If any special education measures are being planned for a pupil, there can be a need for more precise information concerning the problems that the pupil has. In order to elucidate this information, diagnostic tests are often employed that have been specially developed for such purposes. There are strict quality-related requirements for such tests because the results must provide a basis for individual educational measures. The use of diagnostic tests has been discussed a lot because there have been examples of such material being used erroneously and too much.

When the school itself finds that it does not have adequate competence, the pupil is referred to the local psychological pedagogical service for further elucidation and expert assessment. 

All municipalities must have a psychological pedagogical service that is tasked, among other things, with being a source of expertise when such is required by law as well as supporting the school in competence development and organisational development so that pupils with special educational needs receive an inclusive and adapted educational offer. In those cases where the local psychological pedagogical service does not have adequate competence and experience, the pupil is further referred to the National Support System for Special Needs Education, which will possess competence in elucidation and measures beyond what could be expected to be found with the individual municipality. 

National tests

The Norwegian Parliament has given its consent to the introduction of a national quality assessment system in which national tests are included. The national tests was carried out on a full-scale version in the spring of 2005 in reading, writing, English and mathematics in Year 4, 7 and 10 and at the higher secondary levels. Due to change of government in the autumn of 2005, the national tests were stopped for some time, but will be carried out in reading in Norwegian, reading in English and in mathematics in Year 5 and 8 from autumn 2007. One of the main purposes is to survey the total learning benefits in Norwegian schools. The results from the tests will be used by the national authorities to gain a general picture of the quality in Norwegian schools concerning the areas being tested.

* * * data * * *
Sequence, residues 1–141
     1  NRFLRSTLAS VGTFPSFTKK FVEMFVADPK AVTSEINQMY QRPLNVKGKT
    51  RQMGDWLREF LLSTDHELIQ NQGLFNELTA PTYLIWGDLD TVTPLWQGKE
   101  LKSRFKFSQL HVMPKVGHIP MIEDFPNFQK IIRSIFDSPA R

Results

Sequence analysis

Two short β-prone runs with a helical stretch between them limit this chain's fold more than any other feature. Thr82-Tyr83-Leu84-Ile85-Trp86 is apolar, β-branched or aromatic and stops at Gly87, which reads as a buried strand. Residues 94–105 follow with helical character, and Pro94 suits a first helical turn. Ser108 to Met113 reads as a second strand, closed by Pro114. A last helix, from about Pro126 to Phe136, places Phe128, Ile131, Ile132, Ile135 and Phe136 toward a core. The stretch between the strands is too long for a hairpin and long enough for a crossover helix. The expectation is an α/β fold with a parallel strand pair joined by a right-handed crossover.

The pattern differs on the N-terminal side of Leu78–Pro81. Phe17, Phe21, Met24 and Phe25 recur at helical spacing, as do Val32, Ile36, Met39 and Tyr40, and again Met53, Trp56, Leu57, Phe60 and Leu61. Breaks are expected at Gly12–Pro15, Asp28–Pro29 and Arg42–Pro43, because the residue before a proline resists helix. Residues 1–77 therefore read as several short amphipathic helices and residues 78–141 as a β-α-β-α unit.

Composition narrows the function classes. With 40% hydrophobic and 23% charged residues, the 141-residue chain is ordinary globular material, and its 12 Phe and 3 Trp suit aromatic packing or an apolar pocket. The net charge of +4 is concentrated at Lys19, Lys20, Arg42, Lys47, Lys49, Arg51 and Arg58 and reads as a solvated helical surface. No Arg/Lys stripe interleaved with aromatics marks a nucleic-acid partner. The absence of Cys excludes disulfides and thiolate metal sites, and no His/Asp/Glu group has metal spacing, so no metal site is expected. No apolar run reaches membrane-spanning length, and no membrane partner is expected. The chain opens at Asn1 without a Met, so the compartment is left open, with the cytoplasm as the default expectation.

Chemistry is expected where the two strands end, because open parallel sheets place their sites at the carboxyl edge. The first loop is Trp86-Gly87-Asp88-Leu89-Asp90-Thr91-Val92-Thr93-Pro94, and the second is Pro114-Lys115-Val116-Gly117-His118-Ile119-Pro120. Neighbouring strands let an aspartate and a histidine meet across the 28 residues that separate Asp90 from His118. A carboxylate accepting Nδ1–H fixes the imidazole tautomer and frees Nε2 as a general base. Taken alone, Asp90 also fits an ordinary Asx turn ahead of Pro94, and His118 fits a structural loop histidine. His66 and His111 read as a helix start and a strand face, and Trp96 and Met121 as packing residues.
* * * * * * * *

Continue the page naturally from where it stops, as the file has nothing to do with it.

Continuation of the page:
In the governmental documents concerning the national tests, it is emphasised that the results from the tests must 'contribute to the teacher receiving a better picture of the pupil's skills and basis determining whether their pupils are attaining the learning objectives that have been set'. The tests will also be assessed as 'a good tool for quality assurance of the learning efforts by the individual school and for the individual group of pupils'. (Innst.S.No.268 (2003-2004) Culture for learning p. 21). 

Another important purpose of the national tests is for them to serve as an instrument for formative assessment. This is also emphasised in its treatment in the Storting in the spring of 2005 when it was stated that: 

The primary purpose of the national tests is for the school to be better able to adapt its education to the needs of the individual pupil. The national tests must contribute to the teacher receiving a better picture… The majority also wish to emphasise that the tests will be a survey of fundamental skills in selected areas. 

If the results from such tests are to function in a formative manner and provide guidelines for and strengthen the work at the individual school, it is important that the schools develop a competence in analysis in order to interpret and discuss the results at the school level, thereby ensuring a common understanding of how the school and the teachers should arrange for the continued learning efforts of the pupils.